3.5.3 Unfortunately some volunteering opportunities may end without a great deal of warning. Where this happens we will try to inform you as soon as we are able, and certainly try to provide you with five days’ notice.

3.5.4 When you finish your activity with us, you will be asked to return any items or equipment we have given you to carry out the activity, and we request that you do this as soon as possible.

3.5.5 When you leave please complete the Volunteer Exit Questionnaire which allows us to monitor our activities and make positive changes for future volunteers. Return the completed questionnaire to your Volunteer Coordinator.

3.5.6 If you stay with us for over a six month period and make a regular commitment, you will be offered an exit interview, a reference and/or a statement of your achievements when you leave.

4.0 Guidance on conduct

4.1 When carrying out your activity with us, we would ask you to behave appropriately. Please read the Volunteer Agreement which sets out the standards expected both for yourself, and also of the council towards you. The following points highlight some of the key issues relevant to you.

4.2 Political Issues and Awareness for Volunteers

4.2.1 The Council is a political body. We are led by the decisions of our elected councillors, who represent the electoral divisions in which we all live. As a consequence, we must all be seen to be as neutral and non-partisan as we can be during our activities with the Council.

4.2.2 Therefore you must not use your volunteering activity to further any political aims; to try to influence the Council’s decision-making process, particularly in relation to your own activity or role (other than in an official consultation process); or use your position to influence elected members.

4.2.3 The reputation of the Council is also important to maintain. We must be as clear as we can be, therefore please do not accept gifts in money or ‘in kind’ from members of the public for your activities.

4.3 Health and Safety

4.3.1 Your Volunteer Coordinator will alert you to our Health and Safety policy and procedures. The Health and Safety at Work Act 1974 etc. applies to staff, members of the public and volunteers. We all have an obligation to make our activity bases as safe as possible. Please alert your Volunteer Coordinator if you feel there are any health and safety concerns at your location.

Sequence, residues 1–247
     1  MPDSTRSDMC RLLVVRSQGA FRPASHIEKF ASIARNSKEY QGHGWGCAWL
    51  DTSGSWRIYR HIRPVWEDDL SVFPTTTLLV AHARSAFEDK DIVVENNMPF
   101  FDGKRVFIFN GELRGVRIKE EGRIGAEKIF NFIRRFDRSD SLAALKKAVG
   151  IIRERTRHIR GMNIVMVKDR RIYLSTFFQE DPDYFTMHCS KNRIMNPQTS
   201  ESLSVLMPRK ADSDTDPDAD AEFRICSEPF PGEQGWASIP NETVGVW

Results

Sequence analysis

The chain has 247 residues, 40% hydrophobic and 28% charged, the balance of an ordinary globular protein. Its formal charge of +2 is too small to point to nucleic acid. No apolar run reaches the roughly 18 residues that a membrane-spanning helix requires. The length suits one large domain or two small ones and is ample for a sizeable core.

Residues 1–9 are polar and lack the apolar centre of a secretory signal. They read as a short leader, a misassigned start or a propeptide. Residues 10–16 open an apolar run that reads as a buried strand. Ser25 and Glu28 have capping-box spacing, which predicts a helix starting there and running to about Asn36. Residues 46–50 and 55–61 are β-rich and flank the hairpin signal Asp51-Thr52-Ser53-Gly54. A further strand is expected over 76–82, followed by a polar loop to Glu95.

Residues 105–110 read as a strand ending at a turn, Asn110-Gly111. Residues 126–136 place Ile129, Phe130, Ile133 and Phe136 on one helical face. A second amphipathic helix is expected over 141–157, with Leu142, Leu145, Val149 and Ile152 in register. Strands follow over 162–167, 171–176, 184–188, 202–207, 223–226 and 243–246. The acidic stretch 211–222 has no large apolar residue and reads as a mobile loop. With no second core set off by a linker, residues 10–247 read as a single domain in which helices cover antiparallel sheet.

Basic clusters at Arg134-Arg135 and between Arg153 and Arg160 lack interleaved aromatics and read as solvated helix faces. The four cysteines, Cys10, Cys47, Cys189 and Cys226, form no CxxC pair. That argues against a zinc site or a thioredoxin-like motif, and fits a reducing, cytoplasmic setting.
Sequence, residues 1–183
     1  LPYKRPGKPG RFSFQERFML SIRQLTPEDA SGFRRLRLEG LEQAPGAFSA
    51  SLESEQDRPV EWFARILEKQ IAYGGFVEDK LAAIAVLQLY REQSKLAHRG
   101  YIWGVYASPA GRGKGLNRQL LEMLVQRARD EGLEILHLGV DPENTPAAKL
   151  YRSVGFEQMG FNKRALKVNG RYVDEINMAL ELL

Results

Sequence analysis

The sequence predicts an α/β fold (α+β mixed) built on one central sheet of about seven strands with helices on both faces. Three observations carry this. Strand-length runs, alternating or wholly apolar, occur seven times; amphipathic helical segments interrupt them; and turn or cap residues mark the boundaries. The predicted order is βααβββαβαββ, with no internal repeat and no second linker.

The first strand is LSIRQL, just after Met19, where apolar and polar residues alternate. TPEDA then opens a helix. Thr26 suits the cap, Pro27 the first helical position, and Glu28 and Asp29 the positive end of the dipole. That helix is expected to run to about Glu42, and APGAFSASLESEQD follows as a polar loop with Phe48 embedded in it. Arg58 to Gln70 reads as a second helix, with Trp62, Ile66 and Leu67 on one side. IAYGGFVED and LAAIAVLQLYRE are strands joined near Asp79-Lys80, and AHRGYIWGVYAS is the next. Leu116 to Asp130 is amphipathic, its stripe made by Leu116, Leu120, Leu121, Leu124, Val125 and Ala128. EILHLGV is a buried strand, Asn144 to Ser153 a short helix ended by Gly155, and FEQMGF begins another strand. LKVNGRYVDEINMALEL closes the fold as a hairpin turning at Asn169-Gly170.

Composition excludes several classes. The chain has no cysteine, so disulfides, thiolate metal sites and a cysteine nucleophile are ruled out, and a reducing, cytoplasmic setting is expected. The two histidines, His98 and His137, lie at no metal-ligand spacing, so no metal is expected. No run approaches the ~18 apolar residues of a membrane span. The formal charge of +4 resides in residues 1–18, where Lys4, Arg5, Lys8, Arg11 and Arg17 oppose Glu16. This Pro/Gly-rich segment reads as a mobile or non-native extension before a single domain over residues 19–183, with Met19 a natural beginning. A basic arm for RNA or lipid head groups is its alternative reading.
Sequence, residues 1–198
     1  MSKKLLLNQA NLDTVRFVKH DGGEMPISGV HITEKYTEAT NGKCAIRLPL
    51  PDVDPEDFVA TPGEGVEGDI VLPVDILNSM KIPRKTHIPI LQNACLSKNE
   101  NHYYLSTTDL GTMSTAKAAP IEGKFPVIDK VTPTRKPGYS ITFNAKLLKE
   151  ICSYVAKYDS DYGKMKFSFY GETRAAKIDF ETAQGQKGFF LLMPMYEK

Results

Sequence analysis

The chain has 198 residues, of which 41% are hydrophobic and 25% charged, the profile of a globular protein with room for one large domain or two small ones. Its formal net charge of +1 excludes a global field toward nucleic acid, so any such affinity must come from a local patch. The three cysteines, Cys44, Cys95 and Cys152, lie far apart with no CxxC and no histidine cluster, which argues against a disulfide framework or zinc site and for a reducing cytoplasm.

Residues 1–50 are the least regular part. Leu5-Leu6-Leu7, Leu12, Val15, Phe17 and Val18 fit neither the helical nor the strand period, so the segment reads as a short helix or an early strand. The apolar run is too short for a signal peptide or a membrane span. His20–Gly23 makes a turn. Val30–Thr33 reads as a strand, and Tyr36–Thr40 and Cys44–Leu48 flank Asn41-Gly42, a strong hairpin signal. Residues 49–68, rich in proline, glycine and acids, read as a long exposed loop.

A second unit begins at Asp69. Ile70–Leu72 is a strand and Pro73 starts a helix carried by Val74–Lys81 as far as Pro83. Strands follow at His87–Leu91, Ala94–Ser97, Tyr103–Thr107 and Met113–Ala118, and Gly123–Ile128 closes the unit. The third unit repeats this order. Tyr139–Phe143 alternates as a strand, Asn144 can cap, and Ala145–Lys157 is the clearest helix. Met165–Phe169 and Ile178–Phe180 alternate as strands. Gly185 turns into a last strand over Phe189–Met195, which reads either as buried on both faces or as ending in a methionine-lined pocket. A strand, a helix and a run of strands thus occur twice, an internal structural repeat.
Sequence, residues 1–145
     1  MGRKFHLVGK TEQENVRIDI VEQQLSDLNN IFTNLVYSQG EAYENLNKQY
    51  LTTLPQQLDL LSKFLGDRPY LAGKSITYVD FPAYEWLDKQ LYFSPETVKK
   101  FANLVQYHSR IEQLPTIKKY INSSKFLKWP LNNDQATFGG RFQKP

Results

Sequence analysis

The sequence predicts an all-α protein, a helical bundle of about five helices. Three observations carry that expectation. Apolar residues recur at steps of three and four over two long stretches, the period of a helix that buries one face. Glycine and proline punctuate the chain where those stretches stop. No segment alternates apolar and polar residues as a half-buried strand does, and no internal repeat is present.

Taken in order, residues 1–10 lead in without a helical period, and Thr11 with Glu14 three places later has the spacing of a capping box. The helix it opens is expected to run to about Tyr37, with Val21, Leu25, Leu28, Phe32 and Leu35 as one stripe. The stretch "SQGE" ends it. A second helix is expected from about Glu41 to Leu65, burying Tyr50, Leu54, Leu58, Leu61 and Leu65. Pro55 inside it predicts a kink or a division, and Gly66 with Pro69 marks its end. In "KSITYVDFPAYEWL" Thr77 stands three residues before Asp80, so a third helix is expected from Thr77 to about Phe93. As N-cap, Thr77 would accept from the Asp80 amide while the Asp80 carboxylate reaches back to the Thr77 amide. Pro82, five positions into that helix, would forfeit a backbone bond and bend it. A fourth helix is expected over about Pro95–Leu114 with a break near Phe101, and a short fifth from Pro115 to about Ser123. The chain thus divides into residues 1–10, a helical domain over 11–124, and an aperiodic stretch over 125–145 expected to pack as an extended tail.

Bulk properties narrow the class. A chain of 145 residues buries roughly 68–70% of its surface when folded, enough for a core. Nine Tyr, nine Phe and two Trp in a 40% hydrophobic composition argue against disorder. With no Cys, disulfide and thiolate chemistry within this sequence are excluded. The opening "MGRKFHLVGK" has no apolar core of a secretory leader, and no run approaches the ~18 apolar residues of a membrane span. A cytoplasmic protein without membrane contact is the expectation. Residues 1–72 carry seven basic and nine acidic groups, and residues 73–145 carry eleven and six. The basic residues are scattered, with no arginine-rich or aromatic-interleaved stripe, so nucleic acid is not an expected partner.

4.3.2 Although some health and safety obligations may seem unnecessary, please remember that your safety is our number one priority, and our staff take their duty of care towards you seriously and act to ensure you are not in a position of danger.

4.3.3 Please be sure to dress appropriately for your activity, this includes the use of any protective equipment you may have been issued with.

4.4 Equality and Diversity

4.4.1 Oxford City Council welcomes people from all sections of the community regardless of race, gender, disability, age, nationality, sexual orientation or religious belief. Please be respectful to all our service users, staff, members of the public, and other volunteers.

4.5 Use of Information Technology (IT)

4.5.1 The majority of volunteers will not require access to any of the Council’s computer systems. However, if IT access is required as a part of your role, this will be made clear during your induction.

4.6 Alcohol & Drugs

4.6.1 Unless permission has been granted for a specific purpose, you should not consume alcohol on Council property. You should also ensure that you are fit to carry out your activity at all times; this is especially important if you are operating industrial machinery or driving. If in doubt it is always better to make your Volunteer Coordinator aware of any concerns, you may have.

4.7 Confidentiality and Media

4.7.1 During the course of your activity you may become aware of confidential matters relating to staff, other volunteers, or members of the public. We ask that you respect the confidentiality of all information and do not disclose this information to third parties. Your Volunteer Coordinator will advise you on the legislation relating to the Data Protection and Freedom of Information Acts. Volunteers’ personal information will be kept for 6 months if no appropriate match initially, then deleted.